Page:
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Why Gold Isn’t Higher

The opinions expressed by columnists are their own and do not necessarily represent the views of

If you follow the discussions in the financial world, you might have heard talking heads going on about the death of the gold bull.  Don’t believe it.  First off, I maintain that it’s a false premise that there are gold bull or bear markets at all because very few people buy gold as a speculative investment.  Gold doesn’t split, gold doesn’t pay a dividend or report earnings every quarter and gold doesn’t buy back its own shares.  If you want a growth investment, there are better options.

What gold has going for it is that it’s a finite resource with a certain intrinsic value.  Because of its unique attraction through history, gold is an odd commodity, one of only a few that historically has functioned as part of a large-scale monetary system and still functions as a type of unofficial substitute currency.  When discussing gold prices, it’s important to keep the perspective that gold has relative value against paper currency.  So, when we talk about gold prices going up, we are, at least in some sense, really saying that the value of paper currency has gone down.  Or, perhaps more accurately, that people have lost faith in paper currency. 

It’s not all that simple as gold does become over-bought and over-sold on the spot market and is sometimes driven to wild, parabolic price spikes by fear and speculation and the exchange rate for gold to paper currency also fluctuates.  Speculators do make money here and there and sometimes lose a lot.  Speculating on gold is a fool’s errand and you have to stay focused on the big picture.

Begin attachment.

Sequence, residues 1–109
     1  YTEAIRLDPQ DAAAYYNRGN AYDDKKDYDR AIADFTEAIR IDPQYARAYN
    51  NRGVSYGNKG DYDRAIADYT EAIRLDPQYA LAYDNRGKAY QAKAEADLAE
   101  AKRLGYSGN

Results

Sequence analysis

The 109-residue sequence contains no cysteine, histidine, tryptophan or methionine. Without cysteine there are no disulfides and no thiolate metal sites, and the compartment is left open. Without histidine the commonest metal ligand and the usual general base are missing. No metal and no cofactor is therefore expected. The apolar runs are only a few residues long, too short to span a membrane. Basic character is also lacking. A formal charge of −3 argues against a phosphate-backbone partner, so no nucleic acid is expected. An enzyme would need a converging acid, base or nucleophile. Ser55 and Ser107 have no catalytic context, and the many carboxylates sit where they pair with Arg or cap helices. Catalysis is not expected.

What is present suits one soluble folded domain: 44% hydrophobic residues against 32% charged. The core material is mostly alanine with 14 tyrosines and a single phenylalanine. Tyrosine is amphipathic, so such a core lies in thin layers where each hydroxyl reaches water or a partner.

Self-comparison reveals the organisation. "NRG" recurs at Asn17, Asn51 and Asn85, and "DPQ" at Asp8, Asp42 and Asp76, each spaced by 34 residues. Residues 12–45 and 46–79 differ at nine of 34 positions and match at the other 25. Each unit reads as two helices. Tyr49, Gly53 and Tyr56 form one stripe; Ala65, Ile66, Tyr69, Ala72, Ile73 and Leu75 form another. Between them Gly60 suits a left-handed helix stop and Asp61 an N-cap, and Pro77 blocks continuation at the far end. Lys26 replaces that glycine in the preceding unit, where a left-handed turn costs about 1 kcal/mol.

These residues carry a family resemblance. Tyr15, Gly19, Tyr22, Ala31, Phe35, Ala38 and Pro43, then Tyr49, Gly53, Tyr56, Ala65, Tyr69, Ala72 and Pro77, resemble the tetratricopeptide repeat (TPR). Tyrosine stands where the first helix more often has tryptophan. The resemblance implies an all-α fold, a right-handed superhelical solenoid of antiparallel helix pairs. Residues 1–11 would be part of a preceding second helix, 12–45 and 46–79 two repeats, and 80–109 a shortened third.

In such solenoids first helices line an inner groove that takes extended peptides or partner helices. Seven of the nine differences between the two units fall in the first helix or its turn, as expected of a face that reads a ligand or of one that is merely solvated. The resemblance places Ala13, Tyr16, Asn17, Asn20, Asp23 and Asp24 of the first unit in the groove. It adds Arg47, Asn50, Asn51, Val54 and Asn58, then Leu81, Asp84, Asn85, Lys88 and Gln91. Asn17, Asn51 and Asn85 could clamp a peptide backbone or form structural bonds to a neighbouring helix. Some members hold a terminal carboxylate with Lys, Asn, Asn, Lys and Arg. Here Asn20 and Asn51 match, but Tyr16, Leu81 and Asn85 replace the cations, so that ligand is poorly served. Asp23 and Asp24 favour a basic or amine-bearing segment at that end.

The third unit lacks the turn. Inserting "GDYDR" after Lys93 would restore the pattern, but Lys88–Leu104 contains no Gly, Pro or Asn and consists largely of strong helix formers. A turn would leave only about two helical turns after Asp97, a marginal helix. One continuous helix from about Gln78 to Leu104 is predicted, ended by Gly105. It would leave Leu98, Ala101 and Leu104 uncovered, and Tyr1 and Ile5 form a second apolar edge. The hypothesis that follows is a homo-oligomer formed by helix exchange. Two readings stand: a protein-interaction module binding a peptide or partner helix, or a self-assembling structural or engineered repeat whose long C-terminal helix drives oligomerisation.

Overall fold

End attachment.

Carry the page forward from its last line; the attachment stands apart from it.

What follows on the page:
The factors that have propelled gold prices upward for the last decade are still firmly in place.  Monetary policy that creates and destroys currency based on political expediency, central banks that create money as if by magic to suit the moment, and the concept of debt as money all conspire to make paper money a flimsy economic foundation. 

Gold prices are suppressed now by a number of one-off factors that will pass.  The collapse of MF Global forced the liquidation of a large number of commodities contracts, including gold, that the market is still absorbing.  The dollar has been strengthening, which is really more of testimony about the relative strength of the U.S. economy compared to Europe, and we just cleared tax loss season. 

I expect gold prices to recover and start to percolate back in sync with the market forces that have remained stubbornly consistent over the last ten years.  Other than the insane times when the gold and silver markets are wildly parabolic, don’t worry about timing the gold market, unless you think paper money is making a come back. 

Make your purchase decisions based on big picture trends and take the long view and relax.  Monetary policy is still on your side. 

Chris Poindexter, Senior Writer, National Gold Group, Inc

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